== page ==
Tell us the truth about Syria

By John Newton and John Pontifex
NEWS agencies have misrepresented the conflict in Syria – according to a Catholic charity’s Middle East expert.
Fr Andrew Halemba, Aid to the Church in Need’s Middle East projects coordinator, said that media reports about the country should be treated critically and with great caution.
He said: “The situation in [Syria] is much more complex and difficult to assess than the media in the West make it out to be.
“Many media outlets are simply turning in sloppy reporting.
“They seem to be ignoring that there are also internal power struggles and religious tensions between the different Muslim groups, tribal feuds and acts of vengeance are a daily occurrence, and crime is rising in the country due to the unstable situation.”
Fr Halemba explained that he was in constant contact with Church sources in the country.
He said: “Some Western media reports are received there with great outrage.
“People there feel exploited and deceived by international media. They complain that the West is only pursuing its own interests.”
He said a Church source in the country, which could not be named because of fears about safety, said that images were being manipulated.
Fr Halemba said the Church representative had told ACN: “We are witnesses to vulgar falsehoods that brazenly and shamelessly inflate a small demonstration involving around 50 people into a major demonstration with hundreds or even thousands of persons.
“The photos are patched together from different pieces using image processing software in studios created especially for this purpose.”
Al Jazeera has been accused of faking images used in their news reports to increase the size of a crowd.
Critics maintain that in one image the same people appear in the photo several times.
Fr Halemba’s reference to allegations of media misuse of images come after photographer Marco di Lauro accused the BBC of using one of his pictures from Iraq in 2003 to show the situation in Syria this year.
While acknowledging that the image could not be independently verified, the BBC said the image purported to show children killed in the May 2012 massacre in Houla.
Mr di Lauro said the photograph was taken in Iraq at the time of the overthrow of President Saddam Hussein.
The BBC later apologised and removed the image upon learning of the error.
Fr Halemba stressed that Aid to the Church in Need’s task was to provide practical support to Christians in need, rather than intervene in political matters.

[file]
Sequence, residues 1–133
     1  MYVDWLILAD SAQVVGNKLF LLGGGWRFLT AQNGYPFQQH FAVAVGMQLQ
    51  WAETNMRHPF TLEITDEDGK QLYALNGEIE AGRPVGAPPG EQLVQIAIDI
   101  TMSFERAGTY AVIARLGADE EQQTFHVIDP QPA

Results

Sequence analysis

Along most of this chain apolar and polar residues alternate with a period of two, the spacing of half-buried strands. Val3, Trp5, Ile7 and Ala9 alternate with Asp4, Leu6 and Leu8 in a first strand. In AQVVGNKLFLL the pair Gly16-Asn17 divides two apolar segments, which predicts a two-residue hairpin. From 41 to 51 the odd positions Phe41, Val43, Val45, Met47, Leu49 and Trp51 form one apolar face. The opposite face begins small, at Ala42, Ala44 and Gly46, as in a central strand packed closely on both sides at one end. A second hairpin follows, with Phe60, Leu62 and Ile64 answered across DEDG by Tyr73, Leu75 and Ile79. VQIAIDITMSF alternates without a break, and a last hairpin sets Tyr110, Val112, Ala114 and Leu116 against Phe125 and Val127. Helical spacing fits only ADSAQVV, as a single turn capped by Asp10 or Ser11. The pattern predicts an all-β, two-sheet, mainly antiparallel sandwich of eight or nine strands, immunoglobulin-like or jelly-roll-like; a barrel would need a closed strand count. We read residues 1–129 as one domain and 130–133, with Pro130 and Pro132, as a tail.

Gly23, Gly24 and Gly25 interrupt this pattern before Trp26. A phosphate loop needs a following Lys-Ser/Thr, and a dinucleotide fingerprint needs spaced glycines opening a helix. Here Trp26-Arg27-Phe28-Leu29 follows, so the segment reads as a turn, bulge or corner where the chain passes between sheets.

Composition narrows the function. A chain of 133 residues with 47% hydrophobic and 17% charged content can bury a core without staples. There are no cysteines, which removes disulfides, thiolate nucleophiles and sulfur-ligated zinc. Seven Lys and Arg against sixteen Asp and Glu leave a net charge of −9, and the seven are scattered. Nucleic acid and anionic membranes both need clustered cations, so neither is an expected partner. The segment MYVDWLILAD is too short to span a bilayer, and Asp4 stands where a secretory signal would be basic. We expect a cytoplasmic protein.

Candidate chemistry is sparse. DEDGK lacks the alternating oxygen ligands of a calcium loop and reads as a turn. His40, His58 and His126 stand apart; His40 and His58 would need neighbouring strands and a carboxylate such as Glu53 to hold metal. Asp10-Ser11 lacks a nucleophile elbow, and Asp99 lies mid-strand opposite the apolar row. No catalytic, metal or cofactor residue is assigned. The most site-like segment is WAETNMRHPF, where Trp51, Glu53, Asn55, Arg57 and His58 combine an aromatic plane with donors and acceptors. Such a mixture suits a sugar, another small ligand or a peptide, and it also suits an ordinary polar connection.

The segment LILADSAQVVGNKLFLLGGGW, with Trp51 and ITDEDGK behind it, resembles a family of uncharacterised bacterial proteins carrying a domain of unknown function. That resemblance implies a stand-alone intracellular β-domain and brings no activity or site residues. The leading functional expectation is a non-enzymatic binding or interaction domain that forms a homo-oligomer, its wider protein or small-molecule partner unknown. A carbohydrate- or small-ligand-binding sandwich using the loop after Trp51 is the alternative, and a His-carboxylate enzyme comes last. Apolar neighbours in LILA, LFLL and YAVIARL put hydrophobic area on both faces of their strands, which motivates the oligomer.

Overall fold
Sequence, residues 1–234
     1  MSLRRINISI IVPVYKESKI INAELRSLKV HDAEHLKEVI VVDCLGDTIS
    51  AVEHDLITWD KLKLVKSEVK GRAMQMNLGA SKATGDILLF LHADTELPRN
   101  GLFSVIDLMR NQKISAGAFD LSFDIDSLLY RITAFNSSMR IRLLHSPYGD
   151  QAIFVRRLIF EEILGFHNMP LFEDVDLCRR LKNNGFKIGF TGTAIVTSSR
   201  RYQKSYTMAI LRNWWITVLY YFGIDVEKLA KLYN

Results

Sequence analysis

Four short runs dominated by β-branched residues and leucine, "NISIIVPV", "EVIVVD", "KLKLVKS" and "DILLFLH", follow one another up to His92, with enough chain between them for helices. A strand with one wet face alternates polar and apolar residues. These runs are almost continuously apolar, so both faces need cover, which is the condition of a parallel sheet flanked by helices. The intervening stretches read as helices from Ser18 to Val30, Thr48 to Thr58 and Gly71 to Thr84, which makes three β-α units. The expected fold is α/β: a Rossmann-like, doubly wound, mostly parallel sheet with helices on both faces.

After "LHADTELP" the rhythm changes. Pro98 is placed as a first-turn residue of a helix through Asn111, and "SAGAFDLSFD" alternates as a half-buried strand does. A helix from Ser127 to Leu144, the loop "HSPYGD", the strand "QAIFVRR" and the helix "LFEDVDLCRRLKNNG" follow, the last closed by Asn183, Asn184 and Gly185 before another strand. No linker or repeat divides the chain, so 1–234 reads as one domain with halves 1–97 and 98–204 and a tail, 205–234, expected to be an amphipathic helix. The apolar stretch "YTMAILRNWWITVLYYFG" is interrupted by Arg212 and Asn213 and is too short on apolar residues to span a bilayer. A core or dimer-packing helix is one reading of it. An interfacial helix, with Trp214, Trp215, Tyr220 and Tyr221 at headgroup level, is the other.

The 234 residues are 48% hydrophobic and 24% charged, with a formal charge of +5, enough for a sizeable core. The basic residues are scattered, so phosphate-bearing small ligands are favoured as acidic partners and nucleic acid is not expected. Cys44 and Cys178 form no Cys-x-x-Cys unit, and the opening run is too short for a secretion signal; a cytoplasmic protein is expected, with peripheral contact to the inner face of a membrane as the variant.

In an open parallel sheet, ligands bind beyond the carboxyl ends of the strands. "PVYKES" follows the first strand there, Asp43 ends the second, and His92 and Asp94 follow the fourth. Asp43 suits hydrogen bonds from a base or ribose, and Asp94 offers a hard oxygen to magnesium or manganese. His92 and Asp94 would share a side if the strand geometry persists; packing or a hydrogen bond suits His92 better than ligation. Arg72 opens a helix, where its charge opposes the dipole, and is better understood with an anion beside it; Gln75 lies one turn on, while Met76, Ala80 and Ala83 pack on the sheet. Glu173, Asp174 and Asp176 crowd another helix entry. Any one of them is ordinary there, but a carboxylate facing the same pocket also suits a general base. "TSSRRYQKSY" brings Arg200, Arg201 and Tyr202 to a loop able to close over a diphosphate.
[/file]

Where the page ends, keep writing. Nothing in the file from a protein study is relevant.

The charity is providing more than £103,000 (€130,000) in emergency aid, primarily for Christian families in need. This includes just under £40,000 (€50,000) for those trapped in the old city of Homs.

Editor’s Notes

Directly under the Holy See, Aid to the Church in Need supports the faithful wherever they are persecuted, oppressed or in pastoral need. ACN is a Catholic charity – helping to bring Christ to the world through prayer, information and action.
Founded in 1947 by Fr Werenfried van Straaten, whom Pope John Paul II named “An outstanding Apostle of Charity”, the organisation is now at work in about 130 countries throughout the world.
The charity undertakes thousands of projects every year including providing transport for clergy and lay Church workers, construction of church buildings, funding for priests and nuns and help to train seminarians. Since the initiative’s launch in 1979, Aid to the Church in Need’s Child’s Bible – God Speaks to his Children has been translated into 172 languages and 50 million copies have been distributed all over the world.
Aid to the Church in Need UK is a registered charity in England and Wales (1097984) and Scotland (SC040748). ACN’s UK office is in Sutton, Surrey and there is a Scottish office in Motherwell, near Glasgow.
While ACN gives full permission for the media to freely make use of the charity’s press releases, please acknowledge ACN as the source of stories when using the material.
For more information, contact John Pontifex, ACN UK Head of Press and Information 020 8661 5161 or John Newton, ACN Press Officer, 020 8661 5167.